The old hindi film song stands like a monument on the shore weathered by the winds of time and the gentle caresses of the waves, to be admired across generations. And there are many such monuments along an endless musical shoreline built by a legion of architects, engineers and craftsmen who valiantly worked with their age old tools creating priceless works of art each unique in shape, form and style to create a rich heritage of that golden era of the music.
Khursheed (1914-2001) was a pioneer actress and singer of the Indian cinema. Her career ran through the 1930s and 1940s. She was born Irshad Begum in the village of Choonian in Lahore, then in British India. Most of her films were released between 1931 and 1942, a period during which she went unnoticed. Khursheed acted in a number of films for Ranjit Movietone and her leading men included K L Saigal, Motilal and Jairaj. She was among the two singing actresses of Hindi film industry who have shared stellar honors with the legendary actor and singer K L Saigal. The other one was Suraiya.
Khursheed – Main Prem Baag Ki Panchhi (Sitara 1939) :
Khursheed – Pahle Jo Mohabbat Se Inkar Kiya (Pardesi 1941) :
Khursheed – Mori Atariya Hai Sooni (Pardesi 1941) :
Khursheed started her film career in the silent film Eye For An Eye (1931), the year when the first talkie film of the sub-continent Alamara was also released. Some of her films in 1940s were Musafir and Holi in 1940, Pardesi, Beti and Shaadi in 1941, Tansen and Nurse in 1943. Tansen was a high point in her acting career. She became known both as an actress and a singer and the song ‘Ghata Ghan Ghor Ghor’ became a rage of that time. Her other famous films are Mumtaz Mahal and Shahenshah Babar in 1944, Prabhu Ka Ghar and Moorti in 1945, Aage Badho and Mitti in 1947 and Aap Beetee in 1948.
Khursheed & K L Saigal – Chandni Raat (Bhakta Surdas 1942) :
Khursheed – Ghata Ghan Ghor Ghor (Tansen 1943) :
Khursheed – Mohabbat Mein Sara Jahan (Shahenshah Babar 1944) :
Her last film in India was Papeeha Re (1948), which was a great hit, prior to her migration to Pakistan, leaving her mark in the Indian film industry. Khursheed migrated to Pakistan after the Partition of India, with her husband and manager Lala Yakub, who was also an occasional actor, where she settled down in Karachi. Later she divorced Yakub and remarried in 1956 to Yusuf Bhaimia, an admirer of her work, entrepreneur in the shipping business, and a philanthropist. After her marriage to Bhaimia, she appeared in few PTV shows. A number of private shows were also held by her admirers and by private institutions. Khursheed died on April 18, 2001.
In the early days of Indian film industry, actors mostly recorded the songs they were shown singing on the screen. However in the 1940s playback singers began to be increasingly used. This was not immediately accepted. Part of the audience’s enjoyment of early sound films came from their knowledge that the actor on the screen was actually singing the songs they heard. When playback singing first became common, the sudden disjuncture between the voice of the singer and the body of the actor was a source of ‘discomfort’ for audiences. Particularly unnerving was the use of one singer’s voice for many different actors. While playback singing was seen by some at the time as unauthentic, others sensed in it the possibility for greater creativity and entertainment.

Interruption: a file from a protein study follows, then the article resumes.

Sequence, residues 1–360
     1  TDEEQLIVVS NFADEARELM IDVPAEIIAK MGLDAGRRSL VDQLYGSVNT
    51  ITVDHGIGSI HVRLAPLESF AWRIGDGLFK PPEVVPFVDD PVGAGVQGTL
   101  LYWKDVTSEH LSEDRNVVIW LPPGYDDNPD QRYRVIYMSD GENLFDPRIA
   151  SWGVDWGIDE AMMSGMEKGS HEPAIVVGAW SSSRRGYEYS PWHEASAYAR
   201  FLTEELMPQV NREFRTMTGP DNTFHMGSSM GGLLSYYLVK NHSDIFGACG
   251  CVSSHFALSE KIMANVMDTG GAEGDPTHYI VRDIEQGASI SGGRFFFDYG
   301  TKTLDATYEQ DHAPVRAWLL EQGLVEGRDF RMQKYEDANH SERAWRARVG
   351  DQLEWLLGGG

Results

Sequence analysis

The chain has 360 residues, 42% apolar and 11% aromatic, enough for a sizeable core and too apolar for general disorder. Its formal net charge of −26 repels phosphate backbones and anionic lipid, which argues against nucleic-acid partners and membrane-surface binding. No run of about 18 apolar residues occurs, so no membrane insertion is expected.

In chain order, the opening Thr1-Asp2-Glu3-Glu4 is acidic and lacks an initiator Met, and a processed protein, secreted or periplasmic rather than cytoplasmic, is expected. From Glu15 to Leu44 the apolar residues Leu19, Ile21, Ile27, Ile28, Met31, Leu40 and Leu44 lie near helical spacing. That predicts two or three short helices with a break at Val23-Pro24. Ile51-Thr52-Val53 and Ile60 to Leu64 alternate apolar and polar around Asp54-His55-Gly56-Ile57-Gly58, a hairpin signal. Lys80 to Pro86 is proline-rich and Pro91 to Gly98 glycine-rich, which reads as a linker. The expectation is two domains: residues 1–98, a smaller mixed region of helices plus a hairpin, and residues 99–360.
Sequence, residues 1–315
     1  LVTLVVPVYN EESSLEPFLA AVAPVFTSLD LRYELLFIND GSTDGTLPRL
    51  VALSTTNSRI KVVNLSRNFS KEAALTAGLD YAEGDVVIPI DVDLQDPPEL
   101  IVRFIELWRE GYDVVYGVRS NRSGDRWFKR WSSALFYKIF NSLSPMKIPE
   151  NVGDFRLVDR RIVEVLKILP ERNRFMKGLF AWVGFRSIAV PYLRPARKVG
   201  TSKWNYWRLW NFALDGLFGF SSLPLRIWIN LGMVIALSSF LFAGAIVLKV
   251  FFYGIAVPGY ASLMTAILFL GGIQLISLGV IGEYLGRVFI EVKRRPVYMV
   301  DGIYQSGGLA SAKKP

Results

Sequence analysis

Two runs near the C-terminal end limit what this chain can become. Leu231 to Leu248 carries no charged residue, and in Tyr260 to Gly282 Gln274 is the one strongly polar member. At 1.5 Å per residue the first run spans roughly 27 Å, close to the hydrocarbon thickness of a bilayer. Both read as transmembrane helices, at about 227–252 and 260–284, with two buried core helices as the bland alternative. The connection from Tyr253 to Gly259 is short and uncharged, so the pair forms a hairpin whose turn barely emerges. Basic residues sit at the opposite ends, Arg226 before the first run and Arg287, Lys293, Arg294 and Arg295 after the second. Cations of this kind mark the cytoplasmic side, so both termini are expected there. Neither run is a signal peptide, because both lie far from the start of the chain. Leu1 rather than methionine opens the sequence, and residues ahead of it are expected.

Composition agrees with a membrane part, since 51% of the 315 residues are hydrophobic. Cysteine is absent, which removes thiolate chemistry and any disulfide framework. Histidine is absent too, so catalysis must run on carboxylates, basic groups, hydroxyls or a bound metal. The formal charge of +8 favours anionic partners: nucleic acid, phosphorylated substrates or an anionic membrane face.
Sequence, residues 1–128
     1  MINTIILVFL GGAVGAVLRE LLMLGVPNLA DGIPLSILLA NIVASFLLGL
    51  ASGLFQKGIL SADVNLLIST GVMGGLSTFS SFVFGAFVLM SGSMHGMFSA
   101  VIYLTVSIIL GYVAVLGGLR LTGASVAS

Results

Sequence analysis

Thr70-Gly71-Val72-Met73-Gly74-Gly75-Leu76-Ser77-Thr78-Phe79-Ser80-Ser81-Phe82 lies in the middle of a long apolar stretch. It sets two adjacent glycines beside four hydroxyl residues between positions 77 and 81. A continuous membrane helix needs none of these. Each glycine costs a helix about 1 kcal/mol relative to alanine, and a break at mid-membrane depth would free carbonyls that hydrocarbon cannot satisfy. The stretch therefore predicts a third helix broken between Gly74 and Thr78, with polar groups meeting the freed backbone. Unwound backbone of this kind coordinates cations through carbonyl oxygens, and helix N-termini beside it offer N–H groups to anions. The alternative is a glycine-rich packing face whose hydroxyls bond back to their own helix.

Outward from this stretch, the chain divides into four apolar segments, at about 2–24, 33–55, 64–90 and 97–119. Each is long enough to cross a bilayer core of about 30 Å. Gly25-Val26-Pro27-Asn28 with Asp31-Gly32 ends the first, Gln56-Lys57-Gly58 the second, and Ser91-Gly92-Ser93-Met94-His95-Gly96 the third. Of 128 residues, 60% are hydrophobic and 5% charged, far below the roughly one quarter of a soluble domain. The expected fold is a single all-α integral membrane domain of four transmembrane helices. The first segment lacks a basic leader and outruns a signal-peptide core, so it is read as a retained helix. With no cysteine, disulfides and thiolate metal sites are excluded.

Noor Jehan – Shala Jawaniyan Mane (Gulbakawali 1939) :
Ashok Kumar & Devika Rani – Mere Jeevan Ke Path (Anjaan 1941) :
Suraiya – Aise Mein Agar Tum Aa Jate (Balam 1949) :
Lata Mangeshkar – Yad Rakhna Chand Taro (Anokha Pyar 1949) :
Aag (Hindi: आग) is a 1948 Hindi film which was produced and directed by Raj Kapoor. He also played the male lead. The film marked the debut of Raj Kapoor as producer and director and was the first film produced by his R K banner. It was also the first of many films he did with actress Nargis. Premnath, Nigar Sultana, Kamal Kapoor and Kamini Kaushal also starred in supporting roles. Raj Kapoor’s youngest brother Shashi Kapoor appeared as a child artist in this film playing the younger version of his character. The film’s music was directed by Ram Ganguly.
Kewal (Raj Kapoor) reluctantly accepts his father (Kamal Kapoor)’s demands to continue the family tradition by studying law and become a successful lawyer just like him. However due to a lack of interest in becoming a lawyer and more interest in opening up his own theatre company, he fails his law exams and is thrown out of the house by his father. Luckily he finds a patron of the arts, Rajan (Premnath), who is the owner of a theatre company, that has closed down. A childhood romance with a girl named Nimmi haunts his fantasies, and Kewal searches for her in other women, even renaming them after his former sweetheart. With a theatre, a play and a feminine image in his mind, he discovers a woman (Nargis) made homeless by the Partition and the play of his dreams can at last be written and performed.
Rattan (Hindi: रतन), released in 1944 was a landmark movie in more than one way. It brought in a new phase of film music where rhythmic beats of Indian folk percussion instruments like Dholak were introduced for the first time. Rattan also catapulted music director Naushad to dizzy heights of fame. In my earlier post on Rattan (1944), I could but just post four of its songs. Here are some of the remaining.
Manju – Angdai Teri Hai Bahana :
Manju – Jhoothe Hain Sab Sapne Suhane :
Amirbai Karnataki – Milke Bichhad Gai Ankhiyan :
Zohrabai Ambalawali – Aai Diwali Aai Diwali :
Zohrabai Ambalawali – Pardesi Balma :
Zohrabai Ambalawali & Karan Dewan – Sawan Ke Badalo :